Originally published 08/11/2014
Sex, cocaine and epic binge drinking. What the history books don’t tell you about life in Britain during the Great War
As the horrors raged in the trenches, and young men died in squalor by their thousands, back home in Britain a new national crisis had taken hold — one as unexpected as it was disturbing.
Originally published 08/07/2014
Niall Ferguson talks to Rob Attar, editor of BBC History Magazine, about why he believes Britain made a terrible mistake in joining the First World War a century ago.
Originally published 04/22/2014
Decision-makers tend to make historical comparisons with events that either they or their parents have lived through.
Originally published 04/08/2013
Former British Prime Minister Margaret Thatcher, a towering figure in postwar British and world politics and the only woman to become British prime minister, has died at the age of 87. She suffered a stroke Monday, her spokeswoman said. A British government source said she died at the Ritz Hotel in London. Thatcher's funeral will be at St. Paul's Cathedral, with full military honors, followed by a private cremation, the British prime minister's office announced. Thatcher served from 1975 to 1990 as leader of the Conservative Party. She was called the "Iron Lady" for her personal and political toughness....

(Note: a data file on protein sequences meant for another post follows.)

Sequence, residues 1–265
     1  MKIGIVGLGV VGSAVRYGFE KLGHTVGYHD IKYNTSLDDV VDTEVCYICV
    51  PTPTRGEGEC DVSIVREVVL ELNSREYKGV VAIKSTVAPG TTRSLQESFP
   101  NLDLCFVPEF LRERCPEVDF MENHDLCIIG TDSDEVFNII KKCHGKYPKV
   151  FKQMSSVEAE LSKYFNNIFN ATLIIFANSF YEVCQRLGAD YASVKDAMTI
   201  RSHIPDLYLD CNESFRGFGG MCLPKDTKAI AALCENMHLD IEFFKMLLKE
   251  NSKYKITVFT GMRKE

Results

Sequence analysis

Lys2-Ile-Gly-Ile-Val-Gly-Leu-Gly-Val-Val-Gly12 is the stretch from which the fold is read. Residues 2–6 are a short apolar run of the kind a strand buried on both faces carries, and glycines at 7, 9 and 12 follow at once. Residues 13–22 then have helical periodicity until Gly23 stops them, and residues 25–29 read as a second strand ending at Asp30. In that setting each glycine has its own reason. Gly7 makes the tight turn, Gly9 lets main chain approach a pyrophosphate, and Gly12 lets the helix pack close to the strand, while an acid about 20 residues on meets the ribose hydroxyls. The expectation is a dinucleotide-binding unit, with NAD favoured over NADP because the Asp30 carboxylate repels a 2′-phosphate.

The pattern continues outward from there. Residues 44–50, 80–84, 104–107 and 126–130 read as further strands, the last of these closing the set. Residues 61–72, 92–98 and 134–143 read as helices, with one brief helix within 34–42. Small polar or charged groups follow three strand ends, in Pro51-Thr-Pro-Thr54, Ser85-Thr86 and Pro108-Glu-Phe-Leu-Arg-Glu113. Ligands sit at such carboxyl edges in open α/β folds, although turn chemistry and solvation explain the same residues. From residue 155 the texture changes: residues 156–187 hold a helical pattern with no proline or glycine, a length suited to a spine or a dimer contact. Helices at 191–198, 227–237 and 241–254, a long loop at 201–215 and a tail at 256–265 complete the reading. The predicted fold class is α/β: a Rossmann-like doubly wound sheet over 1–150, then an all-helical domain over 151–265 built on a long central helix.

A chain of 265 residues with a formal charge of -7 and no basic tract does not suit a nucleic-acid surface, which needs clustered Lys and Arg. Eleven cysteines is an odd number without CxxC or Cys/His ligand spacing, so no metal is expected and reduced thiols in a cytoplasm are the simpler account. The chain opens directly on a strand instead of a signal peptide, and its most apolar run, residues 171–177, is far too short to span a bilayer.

Originally published 03/06/2013
In 1592, a British ship sank near the island of Alderney in the English Channel carrying an odd piece of cargo: a small, angular crystal. Though cloudy and scuffed up from 4 centuries at the bottom of the sea, its precise geometry and proximity to the ship's navigation equipment caught the eye of a diver exploring the wreckage. Once it was brought back to land, a few European scientists began to suspect the mysterious object might be a calcite crystal, which they believe Vikings and other European seafarers used to navigate before the introduction of the magnetic compass....
Originally published 02/05/2013
The art world loves hype. Works are touted as the biggest, the rarest, the most expensive.Even in an age of superlatives, the British Museum has something special - the oldest known figurative art in the world.The artworks on display in the new exhibition "Ice Age Art" are so old that many are carved from the tusks of woolly mammoths.But it's not just their age that may surprise visitors. It's their artistry.These are artworks, not just prehistoric artifacts. Some of the sophisticated carvings, sculptures and drawings of people and animals look like something Pablo Picasso or Henry Moore might have created...
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